Handout 8 introduction to queueing theory
Download
1 / 9

Handout # 8: Introduction to Queueing Theory - PowerPoint PPT Presentation


  • 65 Views
  • Uploaded on

Handout # 8: Introduction to Queueing Theory. CSC 2203 – Packet Switch and Network Architectures. Professor Yashar Ganjali Department of Computer Science University of Toronto [email protected] http://www.cs.toronto.edu/~yganjali Thanks to Monia Ghobadi.

loader
I am the owner, or an agent authorized to act on behalf of the owner, of the copyrighted work described.
capcha
Download Presentation

PowerPoint Slideshow about ' Handout # 8: Introduction to Queueing Theory' - mandek


An Image/Link below is provided (as is) to download presentation

Download Policy: Content on the Website is provided to you AS IS for your information and personal use and may not be sold / licensed / shared on other websites without getting consent from its author.While downloading, if for some reason you are not able to download a presentation, the publisher may have deleted the file from their server.


- - - - - - - - - - - - - - - - - - - - - - - - - - E N D - - - - - - - - - - - - - - - - - - - - - - - - - -
Presentation Transcript
Handout 8 introduction to queueing theory

Handout # 8:Introduction to Queueing Theory

CSC 2203 – Packet Switch and Network Architectures

Professor Yashar Ganjali

Department of Computer Science

University of Toronto

[email protected]

http://www.cs.toronto.edu/~yganjali

Thanks to Monia Ghobadi

TexPoint fonts used in EMF.

Read the TexPoint manual before you delete this box.:


A simple queue model
A Simple Queue Model

One server, infinite number of waiting positions

Arrival rate: l,

∆t0, P{one arrival in time interval ∆t} = l ∆t

P{more than one arrival in ∆t} ~ 0 (negligible)

Average service rate: m

∆t0, P{one departure from the system in ∆t} = m ∆t

P{more than one departures from the system ∆t} ~ 0 (negligible)

Arrivals

Departures

Waiting

positions

Server(s)

University of Toronto – Fall 2012


Markov process
Markov Process

  • Markov property: Memoryless

  • For a stochastic process X(t) and any choice of time instants ti, i=1,…,n, we have

  • P{X(tn+1)=xn+1|X(tn)=xn……. X(t1)=x1}=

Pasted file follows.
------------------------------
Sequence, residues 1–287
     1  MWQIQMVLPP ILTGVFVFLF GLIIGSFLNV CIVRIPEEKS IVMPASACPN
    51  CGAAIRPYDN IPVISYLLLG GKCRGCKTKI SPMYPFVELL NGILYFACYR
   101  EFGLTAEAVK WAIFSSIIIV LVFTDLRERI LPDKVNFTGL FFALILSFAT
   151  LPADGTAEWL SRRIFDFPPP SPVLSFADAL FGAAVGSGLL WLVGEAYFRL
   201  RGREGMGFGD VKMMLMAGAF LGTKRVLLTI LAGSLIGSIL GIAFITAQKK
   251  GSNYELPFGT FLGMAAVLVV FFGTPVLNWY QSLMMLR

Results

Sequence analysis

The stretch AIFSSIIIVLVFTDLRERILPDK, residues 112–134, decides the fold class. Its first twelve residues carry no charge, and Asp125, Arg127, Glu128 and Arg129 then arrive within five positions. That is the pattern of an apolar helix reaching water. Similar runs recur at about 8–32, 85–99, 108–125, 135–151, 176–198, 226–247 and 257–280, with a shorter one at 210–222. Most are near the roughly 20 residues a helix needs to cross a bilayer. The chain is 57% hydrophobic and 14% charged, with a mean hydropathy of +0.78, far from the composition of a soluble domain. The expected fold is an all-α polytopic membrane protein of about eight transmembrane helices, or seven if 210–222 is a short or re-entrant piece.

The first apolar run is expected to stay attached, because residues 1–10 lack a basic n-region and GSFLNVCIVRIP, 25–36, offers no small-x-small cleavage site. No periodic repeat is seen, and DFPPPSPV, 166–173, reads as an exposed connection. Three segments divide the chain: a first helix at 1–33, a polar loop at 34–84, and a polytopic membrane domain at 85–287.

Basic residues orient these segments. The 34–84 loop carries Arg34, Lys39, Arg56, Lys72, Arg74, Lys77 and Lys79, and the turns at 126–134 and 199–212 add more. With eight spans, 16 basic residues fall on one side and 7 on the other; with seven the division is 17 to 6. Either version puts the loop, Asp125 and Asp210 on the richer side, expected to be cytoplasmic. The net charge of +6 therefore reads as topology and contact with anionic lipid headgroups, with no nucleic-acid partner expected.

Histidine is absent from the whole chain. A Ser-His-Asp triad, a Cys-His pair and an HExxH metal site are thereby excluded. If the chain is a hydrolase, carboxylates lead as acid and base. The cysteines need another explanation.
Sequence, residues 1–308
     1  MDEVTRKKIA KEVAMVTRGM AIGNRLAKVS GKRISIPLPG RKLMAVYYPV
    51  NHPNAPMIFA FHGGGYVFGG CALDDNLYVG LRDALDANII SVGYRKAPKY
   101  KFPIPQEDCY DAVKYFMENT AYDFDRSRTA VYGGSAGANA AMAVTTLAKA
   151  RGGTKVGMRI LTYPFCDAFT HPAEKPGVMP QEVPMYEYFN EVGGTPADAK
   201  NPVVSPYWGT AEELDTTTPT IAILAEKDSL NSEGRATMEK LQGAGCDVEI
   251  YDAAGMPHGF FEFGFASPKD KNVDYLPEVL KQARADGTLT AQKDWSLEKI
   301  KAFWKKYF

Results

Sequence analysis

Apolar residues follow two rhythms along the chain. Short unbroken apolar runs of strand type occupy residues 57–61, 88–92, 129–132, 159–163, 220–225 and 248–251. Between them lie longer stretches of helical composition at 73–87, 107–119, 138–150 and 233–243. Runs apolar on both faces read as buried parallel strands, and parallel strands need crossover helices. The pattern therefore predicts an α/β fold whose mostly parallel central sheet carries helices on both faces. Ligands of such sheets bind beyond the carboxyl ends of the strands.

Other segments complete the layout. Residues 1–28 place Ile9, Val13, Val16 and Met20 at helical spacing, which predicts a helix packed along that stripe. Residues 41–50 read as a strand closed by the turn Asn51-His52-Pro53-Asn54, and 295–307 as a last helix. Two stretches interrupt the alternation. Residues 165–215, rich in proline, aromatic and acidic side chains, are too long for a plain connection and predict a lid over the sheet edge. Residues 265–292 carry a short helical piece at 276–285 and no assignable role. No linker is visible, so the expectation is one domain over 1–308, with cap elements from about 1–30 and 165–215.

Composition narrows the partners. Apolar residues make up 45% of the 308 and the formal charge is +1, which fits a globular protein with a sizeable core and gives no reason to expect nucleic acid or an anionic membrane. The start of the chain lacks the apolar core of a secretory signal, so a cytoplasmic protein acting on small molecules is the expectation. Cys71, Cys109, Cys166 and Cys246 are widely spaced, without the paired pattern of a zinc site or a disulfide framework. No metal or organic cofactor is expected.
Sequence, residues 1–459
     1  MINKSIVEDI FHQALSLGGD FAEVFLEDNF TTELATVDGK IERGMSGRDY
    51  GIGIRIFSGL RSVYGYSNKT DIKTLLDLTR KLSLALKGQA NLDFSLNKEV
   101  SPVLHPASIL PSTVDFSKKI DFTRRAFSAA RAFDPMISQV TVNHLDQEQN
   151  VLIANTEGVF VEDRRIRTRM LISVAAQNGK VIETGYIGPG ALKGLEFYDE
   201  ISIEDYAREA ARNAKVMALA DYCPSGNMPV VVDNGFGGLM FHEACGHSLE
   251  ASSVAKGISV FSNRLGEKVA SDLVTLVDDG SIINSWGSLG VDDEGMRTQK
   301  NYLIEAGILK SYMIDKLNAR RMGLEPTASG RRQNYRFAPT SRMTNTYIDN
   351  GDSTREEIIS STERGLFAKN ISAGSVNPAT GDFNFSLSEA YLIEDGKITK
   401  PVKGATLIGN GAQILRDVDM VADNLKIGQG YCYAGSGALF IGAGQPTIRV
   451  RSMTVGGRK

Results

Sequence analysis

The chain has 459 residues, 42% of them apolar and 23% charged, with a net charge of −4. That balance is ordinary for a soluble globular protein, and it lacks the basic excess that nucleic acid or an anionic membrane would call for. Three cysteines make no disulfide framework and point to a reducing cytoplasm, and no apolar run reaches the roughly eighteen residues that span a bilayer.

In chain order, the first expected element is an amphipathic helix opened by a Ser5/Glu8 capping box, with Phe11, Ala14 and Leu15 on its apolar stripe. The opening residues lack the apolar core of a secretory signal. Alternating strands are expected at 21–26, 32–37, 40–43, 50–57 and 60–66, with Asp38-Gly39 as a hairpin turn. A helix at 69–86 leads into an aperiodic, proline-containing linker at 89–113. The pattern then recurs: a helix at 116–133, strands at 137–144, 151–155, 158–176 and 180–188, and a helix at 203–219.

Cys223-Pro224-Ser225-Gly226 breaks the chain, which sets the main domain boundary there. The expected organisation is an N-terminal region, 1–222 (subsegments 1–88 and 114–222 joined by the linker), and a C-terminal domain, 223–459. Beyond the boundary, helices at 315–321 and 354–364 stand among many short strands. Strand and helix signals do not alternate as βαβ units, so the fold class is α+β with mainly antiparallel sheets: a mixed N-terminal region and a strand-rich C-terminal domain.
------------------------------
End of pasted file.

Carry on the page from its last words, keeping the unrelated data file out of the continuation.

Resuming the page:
P{X(tn+1)=xn+1|X(tn)=xn}

    • The state of the process/system at time instant tn+1 depends only on the state of the process/system at the previous instant tn and not on any of the earlier time instants.

  • Markov process: Give the present of state of the process, its future evolution is independent of the past of the process (one-step dependency feature).

University of Toronto – Fall 2012


State transition diagram
State Transition Diagram

Arrivals

Departures

Waiting

positions

Server(s)

No arrival

no departure

arrival

arrival

No arrival

no departure

No arrival

no departure

k-1

k

k+1

departure

departure

University of Toronto – Fall 2012


System state

The system state at any time instant may be taken as the number in the system at that instant.

pN(t) = P{system in state N at time t}

p0(t+ ∆t) = p0(t) [1-l∆t] + p1(t) m∆tN=0

pN(t+ ∆t) = pN(t) [1-l∆t-m ∆t] + pN-1(t) l∆t + pN+1(t)m ∆tN>0

Subject to the normalisation condition that:

∑ipi(t) = 1 for all t ≥0

Take limit as ∆t0

System State

University of Toronto – Fall 2012


Equilibrium solution
Equilibrium Solution number in the

  • These differential equations along with the normalization condition may be used to get the equilibrium solutions.

  • The conditions invoked are:

  • Define ρ=λ/μ, with ρ < 1 for stability we get:

  • p1= ρ p0 (eq. 1)

  • pN+1= (1+ρ) pN - ρ pN-1= ρpN=ρN+1 p0 N≥1

University of Toronto – Fall 2012


System state probabilities
System State Probabilities number in the

  • Solving eq.1 we get the system state probabilities:

  • pi= ρi(1- ρ) i=0,1,……

  • Note: The summation in normalization condition would only have a finite value when ρ<1.

    • This condition is therefore required for the queue to be stable.

  • Once we know the equilibrium state probabilities, we can use them to compute various mean performance parameters for this simple queue.

University of Toronto – Fall 2012


Performance parameters
Performance Parameters number in the

  • Mean number in system, N

  • Mean number waiting in queue, Nq

  • Mean time spent in system, W

  • Mean time spent waiting in queue, Wq

University of Toronto – Fall 2012


Lessons learned
Lessons Learned number in the

  • The basic approach to the analysis of simple queuing models would begin by defining an appropriate system state for the queue.

  • The analysis of queue would then essentially be the study of the way this system state would evolve.

  • Interested in the performance analysis of the queue once equilibrium conditions have been reached.

  • Review some of the basics of the theory of Markov Chains.

University of Toronto – Fall 2012


ad